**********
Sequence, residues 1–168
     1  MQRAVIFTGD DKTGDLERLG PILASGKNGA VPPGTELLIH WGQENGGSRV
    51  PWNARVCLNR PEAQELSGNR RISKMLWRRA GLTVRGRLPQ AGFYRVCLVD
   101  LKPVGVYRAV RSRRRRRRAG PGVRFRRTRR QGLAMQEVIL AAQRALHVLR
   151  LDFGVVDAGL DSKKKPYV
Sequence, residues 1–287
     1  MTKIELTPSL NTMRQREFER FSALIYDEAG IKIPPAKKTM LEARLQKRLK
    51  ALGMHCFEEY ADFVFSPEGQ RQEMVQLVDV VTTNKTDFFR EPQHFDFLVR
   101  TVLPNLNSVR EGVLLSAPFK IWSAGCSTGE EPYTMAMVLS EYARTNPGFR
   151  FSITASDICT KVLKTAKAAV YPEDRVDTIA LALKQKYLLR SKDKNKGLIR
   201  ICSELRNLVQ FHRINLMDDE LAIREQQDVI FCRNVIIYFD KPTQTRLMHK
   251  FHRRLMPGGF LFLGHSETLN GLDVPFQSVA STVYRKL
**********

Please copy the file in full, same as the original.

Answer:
Sequence, residues 1–168
     1  MQRAVIFTGD DKTGDLERLG PILASGKNGA VPPGTELLIH WGQENGGSRV
    51  PWNARVCLNR PEAQELSGNR RISKMLWRRA GLTVRGRLPQ AGFYRVCLVD
   101  LKPVGVYRAV RSRRRRRRAG PGVRFRRTRR QGLAMQEVIL AAQRALHVLR
   151  LDFGVVDAGL DSKKKPYV
Sequence, residues 1–287
     1  MTKIELTPSL NTMRQREFER FSALIYDEAG IKIPPAKKTM LEARLQKRLK
    51  ALGMHCFEEY ADFVFSPEGQ RQEMVQLVDV VTTNKTDFFR EPQHFDFLVR
   101  TVLPNLNSVR EGVLLSAPFK IWSAGCSTGE EPYTMAMVLS EYARTNPGFR
   151  FSITASDICT KVLKTAKAAV YPEDRVDTIA LALKQKYLLR SKDKNKGLIR
   201  ICSELRNLVQ FHRINLMDDE LAIREQQDVI FCRNVIIYFD KPTQTRLMHK
   251  FHRRLMPGGF LFLGHSETLN GLDVPFQSVA STVYRKL